Pastor Victor Couzens faces criminal charges, megachurch hit with foreclosure

'I don't regret trying to figure out who is going to be the best life partner for me. It's called dating,' the pastor said

Victor Couzens
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Pastor Victor Couzens of the Inspirational Bible Church in Cincinnati, Ohio is starring in a real-life episode of Greenleaf. His megachurch is facing foreclosure after having dwindled from 5,000 members to just 200, cheating accusations and criminal charges.

The Cincinnati Enquirer reported Thursday that the Inspirational Baptist Church went into foreclosure two weeks ago, owing $4.6 million. Furthermore, the almost 60,000-square-foot building is listed for sale. In a phone interview with the newspaper, the 43-year-old pastor would not directly address the financial well-being of his covenant.

“Much of this is in-house stuff that I don’t have anything to say about publicly. But the people that are part of our ministry and, of course, the church as a whole will be fully abreast on this and will be made aware of the plan to remedy this,” Couzens said.

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Couzens’ personal issues have also caused his church embarrassment. Bishop Paul S. Morton apologized for the multiple affairs Couzens had in 2018, according to the Christian Post. Those relationships, including one, are still a thorn in the pastor’s side.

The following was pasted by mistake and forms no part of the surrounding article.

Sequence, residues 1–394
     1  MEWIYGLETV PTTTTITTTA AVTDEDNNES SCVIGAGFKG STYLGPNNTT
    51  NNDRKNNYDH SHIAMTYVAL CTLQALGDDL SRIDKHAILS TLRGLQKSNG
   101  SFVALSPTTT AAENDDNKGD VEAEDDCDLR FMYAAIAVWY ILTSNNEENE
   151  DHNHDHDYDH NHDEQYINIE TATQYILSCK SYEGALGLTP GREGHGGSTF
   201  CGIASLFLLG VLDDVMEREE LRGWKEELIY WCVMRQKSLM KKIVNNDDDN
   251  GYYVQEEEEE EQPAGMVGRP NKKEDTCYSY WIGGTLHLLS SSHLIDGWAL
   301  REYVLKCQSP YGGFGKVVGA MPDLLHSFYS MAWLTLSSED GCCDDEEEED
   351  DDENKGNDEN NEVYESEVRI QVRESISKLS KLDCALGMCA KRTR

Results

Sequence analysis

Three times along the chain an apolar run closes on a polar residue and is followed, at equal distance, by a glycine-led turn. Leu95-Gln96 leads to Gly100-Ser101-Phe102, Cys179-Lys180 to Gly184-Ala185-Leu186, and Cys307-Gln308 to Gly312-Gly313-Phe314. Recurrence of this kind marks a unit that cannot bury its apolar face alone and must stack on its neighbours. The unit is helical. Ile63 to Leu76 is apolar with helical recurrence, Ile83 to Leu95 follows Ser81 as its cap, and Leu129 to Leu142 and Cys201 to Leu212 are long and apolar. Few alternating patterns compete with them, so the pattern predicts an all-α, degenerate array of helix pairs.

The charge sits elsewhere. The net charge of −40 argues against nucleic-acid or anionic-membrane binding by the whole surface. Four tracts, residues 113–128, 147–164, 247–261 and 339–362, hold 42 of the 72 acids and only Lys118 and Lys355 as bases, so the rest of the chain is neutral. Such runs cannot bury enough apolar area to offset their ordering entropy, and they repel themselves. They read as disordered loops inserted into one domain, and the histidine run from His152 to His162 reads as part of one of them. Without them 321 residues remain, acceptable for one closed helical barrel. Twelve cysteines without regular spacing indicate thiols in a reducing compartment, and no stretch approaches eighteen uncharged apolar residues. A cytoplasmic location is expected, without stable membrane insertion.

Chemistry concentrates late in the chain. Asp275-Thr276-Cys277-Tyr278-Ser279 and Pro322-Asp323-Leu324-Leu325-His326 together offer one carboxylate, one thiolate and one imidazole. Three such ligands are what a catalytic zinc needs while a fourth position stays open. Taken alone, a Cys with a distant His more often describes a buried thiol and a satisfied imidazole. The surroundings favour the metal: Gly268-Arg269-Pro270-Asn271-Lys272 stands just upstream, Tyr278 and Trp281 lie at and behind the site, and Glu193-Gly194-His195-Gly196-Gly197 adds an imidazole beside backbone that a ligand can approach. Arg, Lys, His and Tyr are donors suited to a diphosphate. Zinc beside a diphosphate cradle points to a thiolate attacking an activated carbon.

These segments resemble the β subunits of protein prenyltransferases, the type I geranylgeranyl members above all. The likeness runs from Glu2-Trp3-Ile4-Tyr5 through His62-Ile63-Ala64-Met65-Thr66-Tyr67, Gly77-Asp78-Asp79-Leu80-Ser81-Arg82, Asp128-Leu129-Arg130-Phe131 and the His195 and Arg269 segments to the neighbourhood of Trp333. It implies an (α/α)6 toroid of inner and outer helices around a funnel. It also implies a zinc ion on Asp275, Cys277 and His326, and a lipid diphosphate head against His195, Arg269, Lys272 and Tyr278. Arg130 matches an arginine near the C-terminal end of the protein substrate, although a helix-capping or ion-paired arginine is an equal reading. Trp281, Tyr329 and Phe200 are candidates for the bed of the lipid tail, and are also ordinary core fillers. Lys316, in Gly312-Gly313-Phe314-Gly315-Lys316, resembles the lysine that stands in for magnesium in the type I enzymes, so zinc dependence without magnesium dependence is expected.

Andrea Garrison, 31, alleged that she was in a years-long relationship with him. The two lived in Miami and Paris with the intention of settling down. However, to her shock, he was planning to put a ring on it with someone else.

“He had me give up my whole entire life to find out that it was a lie. He had me quit my job, put in my two-week notice, all of that,” the Bronx model told The Enquirer. “I have been around his kids, I have been around his mother, his father, I have done the laundry in the house.”

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Garrison claimed he threatened her after going public in a Facebook Live post through texts, messages, and possible blackmail. Couzens allegedly had an explicit video that he would go public with if she didn’t recant her accusations. It resulted in a telecommunications harassment charge in October 2018 with the New York Police Department.

Couzens was scheduled for a court appearance Friday for a pretrial hearing in Hamilton Municipal Court. Next month, a jury trial on the first-degree misdemeanor is set. He denied any wrongdoing, insisting there was no crime in looking for a First Lady.

“I don’t regret trying to find a wife, and I don’t regret ending relationships with people that I know aren’t going to be good for me in the long run,” he said. “I don’t regret trying to figure out who is going to be the best life partner for me. It’s called dating.”

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He also denied using money on his dating life.

“I have never in my life used the church’s money to fund any part of my personal life; under no circumstances,” he said.

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